Excerpt from the OH&S Canada magazine
A foreman and the company that employed him are facing charges under Nova Scotia’s Occupational Health & Safety laws in relation to the falling death of a young labourer at a Halifax worksite.
Halifax police had earlier charged supervisor Jeff Scott Gooch criminal negligence causing the death of 22-year-old Brandon Alcorn in the March 13, 2018 incident.
Provincial investigators are now also alleging Gooch, 37, and Insulated Panel Structures of Waterdown, Ontario, failed to put in place fall-protection measures or provide Alcorn with training.
The documents provided by the Nova Scotia Labour Department say the company is charged with failing to ensure necessary fall-protection training, failing to have a written fall protocol and failing to ensure fall-protection gear was used.
The summary provided by the Department alleges Gooch “failed to take every reasonable precaution to protect the health and safety” of an employee and didn’t provide necessary fall-protection training or ensure the safety gear was used.
Gooch is also accused of knowingly giving and Occupational Health & Safety officer false information to days after the young men fell while working on the roof of a Kent Building Supplies store that was under construction.
His violations allegedly occurred on four different days, including the day Alcorn fell and suffered a fatal head injury.
I was surprised that an Ontario construction company would have blatantly flaunt the law on fall protection anywhere in Canada since all construction companies in Ontario that have to work from heights must take the “Working at Heights” training as required under Ontario law and has been since April 2015.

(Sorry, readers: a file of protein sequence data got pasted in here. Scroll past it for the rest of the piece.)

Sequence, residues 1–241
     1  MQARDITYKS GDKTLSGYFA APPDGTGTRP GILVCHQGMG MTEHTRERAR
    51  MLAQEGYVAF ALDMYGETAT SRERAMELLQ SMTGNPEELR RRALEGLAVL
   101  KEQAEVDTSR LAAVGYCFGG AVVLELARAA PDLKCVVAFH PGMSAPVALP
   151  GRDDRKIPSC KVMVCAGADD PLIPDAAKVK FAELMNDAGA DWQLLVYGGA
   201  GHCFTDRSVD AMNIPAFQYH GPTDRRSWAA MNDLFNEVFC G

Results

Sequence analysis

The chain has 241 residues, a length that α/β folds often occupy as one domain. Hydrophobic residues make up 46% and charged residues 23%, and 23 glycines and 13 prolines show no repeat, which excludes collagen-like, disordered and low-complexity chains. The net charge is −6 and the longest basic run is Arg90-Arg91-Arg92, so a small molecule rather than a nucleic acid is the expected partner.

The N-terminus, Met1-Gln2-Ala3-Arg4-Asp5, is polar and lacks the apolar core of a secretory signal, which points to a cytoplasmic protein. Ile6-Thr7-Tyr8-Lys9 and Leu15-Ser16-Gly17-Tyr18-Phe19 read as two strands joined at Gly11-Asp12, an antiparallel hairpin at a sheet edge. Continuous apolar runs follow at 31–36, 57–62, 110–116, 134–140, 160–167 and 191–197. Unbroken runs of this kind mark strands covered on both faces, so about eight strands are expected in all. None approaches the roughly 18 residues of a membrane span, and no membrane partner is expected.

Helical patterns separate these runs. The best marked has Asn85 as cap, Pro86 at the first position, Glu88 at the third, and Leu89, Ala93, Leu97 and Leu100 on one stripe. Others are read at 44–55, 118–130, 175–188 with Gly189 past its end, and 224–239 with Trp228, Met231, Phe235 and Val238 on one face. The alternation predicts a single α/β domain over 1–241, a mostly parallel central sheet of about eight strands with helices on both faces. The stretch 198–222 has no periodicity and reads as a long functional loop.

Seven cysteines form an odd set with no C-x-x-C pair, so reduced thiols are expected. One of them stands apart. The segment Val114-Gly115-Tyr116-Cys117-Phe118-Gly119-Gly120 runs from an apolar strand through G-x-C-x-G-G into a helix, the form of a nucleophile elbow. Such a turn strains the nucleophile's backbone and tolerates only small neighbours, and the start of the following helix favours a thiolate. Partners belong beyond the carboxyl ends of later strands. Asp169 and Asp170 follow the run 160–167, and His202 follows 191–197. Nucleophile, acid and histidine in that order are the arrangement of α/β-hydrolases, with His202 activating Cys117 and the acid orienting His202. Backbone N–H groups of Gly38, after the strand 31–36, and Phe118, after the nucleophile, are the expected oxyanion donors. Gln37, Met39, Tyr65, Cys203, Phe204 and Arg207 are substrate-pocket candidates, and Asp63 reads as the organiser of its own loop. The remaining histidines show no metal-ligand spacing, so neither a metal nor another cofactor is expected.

“Working at Heights” training is a full-day course and many companies have been through the approval process, like HRS Group Inc., and are now approved providers. The “WAH” training stresses the right to refuse unsafe work, and encourages employers, supervisors and workers to complete a hazard assessment prior to any work is to be done. They can eliminate the hazard, they can isolate the worker from the hazard and, quite possibly, engineer a control, say guardrails.
I guess Insulated Panel Structures never received the memo or took the training. They would have found it money well spent.
In Ontario, Insulated Panel Structures would be in contravention of the OHSA section 25, Gooch would have been in contravention of section 27 of the same Act, and the worker(s) are to follow policies and procedures as described in the OHSA and sector regulation. The best way to describe the last component is to ensure the worker(s) take the training and to apply the knowledge.
I do hope the province of Nova Scotia is working to stiffen the training requirements and improve on the safety content.
HRS Group Inc. has a great team that can help you with all your health and safety needs including “Working at Heights”. Contact Deborah toll free at 1-877-907-7744 or locally at 705-749-1259.
We can also be reached at firstname.lastname@example.org
Ensure your workplace is a safe place.
Remember – In Canada, “ALL Accidents are Preventable”
‘Work’ and ‘Play’ safe.
Daniel L. Beal
CHSEP – Advanced Level
VP & Senior Trainer
HRS Group Inc.